CHAPEL HILL (WTVD) --News of Mackenzie Ruston's death hit her teammates on the Durham Chapel Hill Bouncing Bulldogs competitive jump rope team hard. They knew her as just Kenzie, their team captain and someone who pushed them to be their best.
"If she needed to pat you on the back she would do that if she needed to step on your toes she would do that," said Kenzie's long-time coach Ray Fredrick.
And he said she had no problem voicing suggestions to the coaches if she thought the team would benefit.
"She taught me that coaches can learn from the athlete," Fredrick said.
Mackenzie, 17, a senior at East Chapel Hill High School, died in a plane crash Monday in Wyoming. It happened one day before her 18th birthday.
KIDK reported that Mackenzie and 61-year-old Reade Genzlinger of Bryn Athyn, Penn., were both killed after their plane crashed about 2 miles north of the runway at the Alpine Wyoming airport.
The two were in a Yak 52 Russian trainer aircraft on a recreational flight, KIDK reported. The cause of the crash is unknown.
School officials said no one else from Ruston's family was involved in the accident.
Tom Forcella, Superintendent of Chapel Hill-Carrboro City Schools expressed his condolences.
"Today we grieve as a community. This is the hardest day any of us will ever face," Forcella said. "We will rely on the comfort of one another, and we will do everything in our power to support Mackenzie's family, friends and loved ones."
Kenzie traveled the world with the team and helped win five world championships, most recently in late 2015. She was a fierce competitor and loved to try new things. Her friends say she had her pilot's license, but investigators say she was not at the controls when the recreation flight she was on crashed.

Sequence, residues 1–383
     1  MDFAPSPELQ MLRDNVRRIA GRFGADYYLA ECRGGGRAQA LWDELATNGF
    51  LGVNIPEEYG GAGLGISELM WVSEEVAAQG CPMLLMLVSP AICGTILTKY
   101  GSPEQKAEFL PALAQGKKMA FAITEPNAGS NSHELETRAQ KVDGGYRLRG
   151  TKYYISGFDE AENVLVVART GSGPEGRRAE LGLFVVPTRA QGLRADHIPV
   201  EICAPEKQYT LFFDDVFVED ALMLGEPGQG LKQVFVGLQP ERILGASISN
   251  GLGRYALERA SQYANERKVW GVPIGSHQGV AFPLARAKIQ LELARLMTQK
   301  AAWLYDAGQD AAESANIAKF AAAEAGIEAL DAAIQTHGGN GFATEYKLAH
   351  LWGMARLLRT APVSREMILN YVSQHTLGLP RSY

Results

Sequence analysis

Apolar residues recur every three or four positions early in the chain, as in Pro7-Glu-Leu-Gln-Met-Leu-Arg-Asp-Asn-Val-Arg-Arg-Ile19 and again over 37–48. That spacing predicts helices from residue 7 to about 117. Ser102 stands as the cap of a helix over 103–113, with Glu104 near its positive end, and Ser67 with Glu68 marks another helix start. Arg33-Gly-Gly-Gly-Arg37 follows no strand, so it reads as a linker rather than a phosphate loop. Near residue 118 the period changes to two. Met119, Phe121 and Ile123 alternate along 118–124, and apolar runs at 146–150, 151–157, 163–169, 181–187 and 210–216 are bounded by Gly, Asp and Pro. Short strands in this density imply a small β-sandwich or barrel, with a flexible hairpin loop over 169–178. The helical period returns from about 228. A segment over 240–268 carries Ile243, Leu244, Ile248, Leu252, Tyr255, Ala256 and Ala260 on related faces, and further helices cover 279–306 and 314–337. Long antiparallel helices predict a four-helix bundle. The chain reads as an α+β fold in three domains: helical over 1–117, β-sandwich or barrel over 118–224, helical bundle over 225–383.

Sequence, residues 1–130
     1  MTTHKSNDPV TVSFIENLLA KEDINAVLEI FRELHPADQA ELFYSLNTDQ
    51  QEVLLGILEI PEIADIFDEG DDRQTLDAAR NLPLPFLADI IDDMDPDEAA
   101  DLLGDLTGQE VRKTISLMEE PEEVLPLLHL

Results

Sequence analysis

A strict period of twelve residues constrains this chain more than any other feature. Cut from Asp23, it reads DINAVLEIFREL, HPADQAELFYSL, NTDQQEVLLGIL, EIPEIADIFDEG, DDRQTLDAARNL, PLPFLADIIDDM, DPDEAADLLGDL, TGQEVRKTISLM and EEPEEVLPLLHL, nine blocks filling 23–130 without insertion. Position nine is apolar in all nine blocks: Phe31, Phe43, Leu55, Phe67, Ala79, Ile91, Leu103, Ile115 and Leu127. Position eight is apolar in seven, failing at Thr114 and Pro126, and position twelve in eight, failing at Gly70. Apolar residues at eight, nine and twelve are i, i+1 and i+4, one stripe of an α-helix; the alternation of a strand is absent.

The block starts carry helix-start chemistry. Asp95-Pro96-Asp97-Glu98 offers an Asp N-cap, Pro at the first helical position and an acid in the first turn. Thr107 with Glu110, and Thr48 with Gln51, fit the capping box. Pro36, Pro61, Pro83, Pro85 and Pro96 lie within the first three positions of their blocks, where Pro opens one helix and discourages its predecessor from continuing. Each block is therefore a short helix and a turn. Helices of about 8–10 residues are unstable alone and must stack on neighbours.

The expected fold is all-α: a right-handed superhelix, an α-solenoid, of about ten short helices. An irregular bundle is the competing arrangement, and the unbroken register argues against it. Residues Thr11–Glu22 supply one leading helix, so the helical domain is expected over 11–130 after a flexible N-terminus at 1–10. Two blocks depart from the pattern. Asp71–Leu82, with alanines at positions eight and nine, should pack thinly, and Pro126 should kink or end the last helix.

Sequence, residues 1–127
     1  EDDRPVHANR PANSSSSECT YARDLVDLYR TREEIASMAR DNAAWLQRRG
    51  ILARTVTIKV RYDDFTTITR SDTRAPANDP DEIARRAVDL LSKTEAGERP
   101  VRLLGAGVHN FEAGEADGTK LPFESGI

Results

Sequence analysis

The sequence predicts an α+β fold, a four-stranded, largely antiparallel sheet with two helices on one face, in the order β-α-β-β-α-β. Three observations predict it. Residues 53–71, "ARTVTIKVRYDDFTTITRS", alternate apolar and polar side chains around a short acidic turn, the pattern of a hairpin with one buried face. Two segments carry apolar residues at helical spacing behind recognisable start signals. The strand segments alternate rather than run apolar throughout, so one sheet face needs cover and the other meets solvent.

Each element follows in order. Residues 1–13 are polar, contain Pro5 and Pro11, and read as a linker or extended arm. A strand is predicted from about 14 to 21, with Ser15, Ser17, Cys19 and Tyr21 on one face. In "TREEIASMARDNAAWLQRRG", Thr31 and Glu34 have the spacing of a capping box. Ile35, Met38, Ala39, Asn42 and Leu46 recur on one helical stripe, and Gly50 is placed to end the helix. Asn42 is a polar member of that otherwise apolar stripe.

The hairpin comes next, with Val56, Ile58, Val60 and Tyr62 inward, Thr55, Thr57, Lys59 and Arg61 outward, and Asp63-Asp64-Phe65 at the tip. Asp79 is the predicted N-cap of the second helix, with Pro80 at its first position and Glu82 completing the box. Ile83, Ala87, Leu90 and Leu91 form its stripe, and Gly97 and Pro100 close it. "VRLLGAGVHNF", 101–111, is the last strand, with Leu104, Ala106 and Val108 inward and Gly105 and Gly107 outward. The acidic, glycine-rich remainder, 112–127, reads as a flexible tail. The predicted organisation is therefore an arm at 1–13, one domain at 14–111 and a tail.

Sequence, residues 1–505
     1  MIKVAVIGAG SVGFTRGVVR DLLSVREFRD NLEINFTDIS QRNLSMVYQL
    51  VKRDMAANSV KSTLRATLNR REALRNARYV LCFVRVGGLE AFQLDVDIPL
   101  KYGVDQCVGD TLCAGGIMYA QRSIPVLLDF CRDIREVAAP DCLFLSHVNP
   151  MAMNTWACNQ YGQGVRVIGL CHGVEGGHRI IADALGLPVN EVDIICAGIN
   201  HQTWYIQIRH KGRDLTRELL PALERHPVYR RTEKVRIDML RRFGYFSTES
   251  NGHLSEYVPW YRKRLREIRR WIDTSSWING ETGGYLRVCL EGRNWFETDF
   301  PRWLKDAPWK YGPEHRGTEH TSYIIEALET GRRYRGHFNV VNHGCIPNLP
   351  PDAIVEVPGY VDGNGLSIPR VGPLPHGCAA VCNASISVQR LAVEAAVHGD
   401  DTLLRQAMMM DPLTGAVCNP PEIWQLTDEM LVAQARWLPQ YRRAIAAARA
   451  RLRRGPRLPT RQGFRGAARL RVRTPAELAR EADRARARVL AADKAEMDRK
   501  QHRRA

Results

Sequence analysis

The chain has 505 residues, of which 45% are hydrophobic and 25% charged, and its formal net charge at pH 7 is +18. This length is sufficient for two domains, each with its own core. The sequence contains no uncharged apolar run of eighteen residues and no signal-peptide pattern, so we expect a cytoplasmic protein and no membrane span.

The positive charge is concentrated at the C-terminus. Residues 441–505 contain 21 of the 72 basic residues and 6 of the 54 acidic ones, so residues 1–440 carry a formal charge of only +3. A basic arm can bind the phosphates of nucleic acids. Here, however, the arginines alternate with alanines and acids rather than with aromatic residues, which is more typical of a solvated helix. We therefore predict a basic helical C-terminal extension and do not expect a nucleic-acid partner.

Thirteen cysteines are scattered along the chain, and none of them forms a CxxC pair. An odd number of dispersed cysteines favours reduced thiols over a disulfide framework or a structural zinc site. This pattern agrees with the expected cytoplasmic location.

"She was always there, always ready to give a helping hand," said Isabel Osborne, Kenzie's jump-rope co-captain.
Her coach said Kenzie started on the competitive jump rope team when she was just 4 years old. He said right from the beginning, her dedication to the sport was evident. Through the years, the team's typical practice schedule spanned six days a week. Fredrick said she was the first to show up and the last to leave.
"She was a dedicated person to the program and to the sport of jump rope and well loved all over the world and probably one of the most humble individuals I ever met," Fredrick said.
Photographs of happy memories line the wall outside the gym where the Bulldogs practice in Chapel Hill. These images now serve as reminders to the teammates she leaves behind of her smile, her friendship and her drive for the sport.
"Stay in your lane and follow your passion, don't try to live someone else's life and that's who she was," Fredrick said.
East Chapel Hill High School principal Eileen Tully said counseling would be available for students.
"Our condolences certainly go out to Mackenzie's family, friends and her loved ones. Counseling support has been added to our school today from the district to assist students and staff with grieving," Tully said. "If you would like any sort of advice or assistance on how to best engage your child in this difficult conversation, please don't hesitate to call on us. This is a very difficult time for everyone, and your continued support is greatly appreciated."
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